Westport is insulated from the real world. Economic apartheid. Best, Hugh ’67

    ______________________________________ Hugh F McCann Jr (m) 203-545-8857 hughmccannjr@gmail.com

    >

    • Thanks, Hugh. A couple of years ago we did play a Staples vs. Central HS alumni game at Kennedy Stadium as a fundraiser for Central. Maybe time for another one!

  26. As someone who volunteers in Bridgeport at Cesar Batalla and started a foundation a couple of years ago for this very reason. The kids go without. The classrooms need supplies. Basic essentials. The teachers get $24 for the entire year of supplies for whole class. I held a fundraiser this morning so we could send kids on field trips and buy supplies. Regardless of background and situations, bottom line is EVERY child is worthy and deserving of the same education. If we want to see change, we need to be the change.

  27. Chelsea Steinberg

    I am a teacher in Springfield, MA where the conditions of education are very similar to those in Bridgeport. I spend a lot of time comparing my own Westport education (GFS, Bedford, Staples) to what my elementary school students are going through. The biggest difference is the parental support (or lack thereof). In Westport we had parents left and right running book fairs, Art Smarts, etc. and in Springfield we often have trouble getting a parent to come to school for an IEP meeting– an essential step to helping a child succeed if they are having difficulties in school. What Kathy writes about is the case not just in Bridgeport but in our district and many others as well. I hope by discussing the issues on a platform like this blog we can continue to raise awareness and help bring some relief that our schools and teachers need, as well as appreciation for what a community like Westport offers its students.

    • I am a volunteer in Bridgdport and run a foundation to help build supplies and send kids on field trips and support the classrooms. We have just started a “room mom” program and have put 2-3 “room moms” from westport: Fairfield in the classrooms to help support the teachers. They need coats or crayons or paper- they reach out to the room mom. We are trying to support the class so the focus is teaching. If they don’t have items- our rooms moms will do their best to rally for them and get the supplies. We just started this program this week. We had 23 classrooms / almost 50 room moms. The RM’s are so committed to making a difference in the classrooms and teachers are excited for the support and the kids love the new faces.

      • Hi Jimeale – I would love to connect with you to see how to organize this for more schools in Bridgeport. Read School is my priority, but I know this is an issue throughout the city. I love the model, and you’ve done amazing things at Cesar Batalia. I think it would be wonderful to coordinate with families in Westport to support this effort. My email is kathymahieu63@aol.com. Thank you!

  28. Yes, I know…Leo Cirino took a job teaching there. You could really do some good work there.

    Sent from my iPad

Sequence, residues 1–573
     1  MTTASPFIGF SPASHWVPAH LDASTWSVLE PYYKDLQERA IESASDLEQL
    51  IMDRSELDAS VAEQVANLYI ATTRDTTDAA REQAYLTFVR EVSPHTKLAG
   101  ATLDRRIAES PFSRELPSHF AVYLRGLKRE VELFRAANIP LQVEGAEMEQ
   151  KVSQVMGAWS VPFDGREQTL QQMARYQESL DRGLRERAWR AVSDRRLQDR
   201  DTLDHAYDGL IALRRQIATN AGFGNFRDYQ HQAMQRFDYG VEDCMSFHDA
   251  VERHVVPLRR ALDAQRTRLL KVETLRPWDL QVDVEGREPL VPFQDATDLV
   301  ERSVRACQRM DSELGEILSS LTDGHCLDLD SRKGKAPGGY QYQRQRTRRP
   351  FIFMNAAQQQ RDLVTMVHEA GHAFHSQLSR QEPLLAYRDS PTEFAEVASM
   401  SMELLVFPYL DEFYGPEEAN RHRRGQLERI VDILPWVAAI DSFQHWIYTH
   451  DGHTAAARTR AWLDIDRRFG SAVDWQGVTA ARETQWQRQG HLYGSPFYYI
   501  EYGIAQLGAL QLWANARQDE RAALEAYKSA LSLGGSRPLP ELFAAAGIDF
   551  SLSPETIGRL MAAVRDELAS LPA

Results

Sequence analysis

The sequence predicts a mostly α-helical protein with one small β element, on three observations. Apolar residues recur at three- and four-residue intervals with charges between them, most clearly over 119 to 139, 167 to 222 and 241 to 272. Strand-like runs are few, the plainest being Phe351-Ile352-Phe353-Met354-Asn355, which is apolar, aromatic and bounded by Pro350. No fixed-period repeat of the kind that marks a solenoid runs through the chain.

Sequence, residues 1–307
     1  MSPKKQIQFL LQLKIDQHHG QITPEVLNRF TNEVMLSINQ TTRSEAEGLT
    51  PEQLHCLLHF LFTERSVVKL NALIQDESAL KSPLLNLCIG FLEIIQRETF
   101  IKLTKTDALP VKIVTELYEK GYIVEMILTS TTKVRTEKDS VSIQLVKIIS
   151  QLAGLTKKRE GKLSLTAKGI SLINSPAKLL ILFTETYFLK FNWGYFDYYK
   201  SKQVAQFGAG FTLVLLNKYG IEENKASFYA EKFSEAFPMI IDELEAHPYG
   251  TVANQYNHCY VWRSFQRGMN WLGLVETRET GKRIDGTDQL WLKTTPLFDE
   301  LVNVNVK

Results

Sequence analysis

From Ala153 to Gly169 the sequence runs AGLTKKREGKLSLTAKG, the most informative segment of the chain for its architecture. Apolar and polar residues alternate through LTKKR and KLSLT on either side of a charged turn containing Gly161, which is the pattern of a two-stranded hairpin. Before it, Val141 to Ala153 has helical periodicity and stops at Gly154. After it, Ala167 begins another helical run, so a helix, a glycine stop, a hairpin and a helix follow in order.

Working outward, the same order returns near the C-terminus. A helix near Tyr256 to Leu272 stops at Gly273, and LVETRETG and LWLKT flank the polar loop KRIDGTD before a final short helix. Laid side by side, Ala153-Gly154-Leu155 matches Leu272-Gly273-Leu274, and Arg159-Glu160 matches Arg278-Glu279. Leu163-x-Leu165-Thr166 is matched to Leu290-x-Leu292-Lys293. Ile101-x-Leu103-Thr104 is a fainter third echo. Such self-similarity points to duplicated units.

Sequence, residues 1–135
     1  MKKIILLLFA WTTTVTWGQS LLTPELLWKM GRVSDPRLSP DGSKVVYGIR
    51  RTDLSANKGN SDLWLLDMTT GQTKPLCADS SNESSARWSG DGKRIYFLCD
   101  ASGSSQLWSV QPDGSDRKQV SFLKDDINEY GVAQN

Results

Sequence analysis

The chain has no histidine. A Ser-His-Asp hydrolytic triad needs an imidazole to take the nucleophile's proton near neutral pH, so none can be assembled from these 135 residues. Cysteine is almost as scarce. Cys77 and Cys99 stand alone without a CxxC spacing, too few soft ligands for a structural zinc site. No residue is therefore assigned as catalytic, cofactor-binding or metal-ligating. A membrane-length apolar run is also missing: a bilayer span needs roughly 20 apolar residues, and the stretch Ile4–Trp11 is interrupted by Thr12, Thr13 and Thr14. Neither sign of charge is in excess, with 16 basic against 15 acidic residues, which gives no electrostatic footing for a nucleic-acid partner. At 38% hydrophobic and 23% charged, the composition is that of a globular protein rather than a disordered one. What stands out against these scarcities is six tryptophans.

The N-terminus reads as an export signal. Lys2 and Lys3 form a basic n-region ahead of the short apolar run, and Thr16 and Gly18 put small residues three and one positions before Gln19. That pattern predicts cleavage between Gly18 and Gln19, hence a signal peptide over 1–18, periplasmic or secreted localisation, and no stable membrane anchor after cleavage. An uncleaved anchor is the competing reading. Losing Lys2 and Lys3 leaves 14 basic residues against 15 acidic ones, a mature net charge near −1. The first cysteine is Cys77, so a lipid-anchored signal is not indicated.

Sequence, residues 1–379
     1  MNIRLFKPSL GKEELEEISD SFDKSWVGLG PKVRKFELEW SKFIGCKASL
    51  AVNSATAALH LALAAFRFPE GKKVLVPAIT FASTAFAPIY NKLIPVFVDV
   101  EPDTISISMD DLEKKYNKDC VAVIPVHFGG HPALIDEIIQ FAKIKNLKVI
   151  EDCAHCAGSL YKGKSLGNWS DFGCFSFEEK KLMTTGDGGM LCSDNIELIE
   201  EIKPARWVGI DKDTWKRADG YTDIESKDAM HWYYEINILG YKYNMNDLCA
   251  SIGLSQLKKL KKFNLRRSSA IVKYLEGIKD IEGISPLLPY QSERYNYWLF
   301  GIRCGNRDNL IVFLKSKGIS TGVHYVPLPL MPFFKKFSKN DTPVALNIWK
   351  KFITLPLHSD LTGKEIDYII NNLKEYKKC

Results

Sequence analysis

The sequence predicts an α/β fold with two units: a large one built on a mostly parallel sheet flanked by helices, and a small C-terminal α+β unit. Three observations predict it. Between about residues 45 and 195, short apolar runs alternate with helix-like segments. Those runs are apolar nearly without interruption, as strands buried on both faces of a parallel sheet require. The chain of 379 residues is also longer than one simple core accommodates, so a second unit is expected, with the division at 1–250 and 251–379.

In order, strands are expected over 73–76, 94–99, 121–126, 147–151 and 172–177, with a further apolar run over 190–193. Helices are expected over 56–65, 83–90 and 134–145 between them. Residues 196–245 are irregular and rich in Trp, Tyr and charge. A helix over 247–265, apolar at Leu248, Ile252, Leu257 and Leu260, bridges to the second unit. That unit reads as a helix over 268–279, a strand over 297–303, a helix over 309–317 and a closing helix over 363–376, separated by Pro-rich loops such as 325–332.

>

  29. http://a.co/b1D7QTU
    Here is an amazon wish list link of school supplies that will help Kathy. These will ship directly to her at The Read School.

  30. Jaime Bairaktaris

    The child development teacher at Staples High School is actively helping students bridge the gap between Staples and Bridgeport. We were “Pen Pals” with a classroom full of students at a low performing school in Bridgeport, and at the end of our semester we travelled to visit them – and they travelled to visit us. Nothing was more eye opening than watching students take a tray for lunch, and another for their dinner later on, as the cart was wheeled into the room. Ms. Mahieu is one of a strong breed, for sure, and needs any support that we can offer.

  31. Office Depot has a sale going on where you can buy three cases of computer paper for the price of two. I did this, and listed the shipping address as Read School, 130 Ezra Street, Bridgeport, CT 06606 (attn: Kathy Mahieu). I also learned that Office Depot has a program where the purchaser can designate a school to receive “credits” equal to 5% of the purchase price, which the designated school then uses to receive merchandise cards for free supplies from Office Depot.

    Link to the FAQs for the Office Depot “Back to Schools” program:
    http://www.officedepot.com/speciallinks/us/od/docs/promo/backtoschool/btsfaq.pdf

    List of products that qualify for the “Back to Schools” program:
    http://www.officedepot.com/speciallinks/us/od/docs/promo/backtoschool/qualifyingproducts.pdf

    “Back to Schools” program ID number for Read Elementary School:
    ID: 70018755 – BRIDGEPORT, CT

  32. Beth Orlan Berkowitz

    That’s a great idea and program. Thanks for sharing it with us about Office Depot. Does anyone know if Staples has a similar program?

  33. Beth,

    I have always shopped at Staples, and hoped that I could support the Read School directly by purchasing supplies at Staples. However, I could not find such a program on the Staples site. See below for a link to Staples’ support for schools & not-for-profit organizations:

    http://www.staples.com/sbd/cre/marketing/about_us/how-we-give.html#cm

    If you find that Staples offers a program similar to the Office Depot “5% Back to Schools” program, could you post the info on Dan’s blog?

    thanks!

    Elaine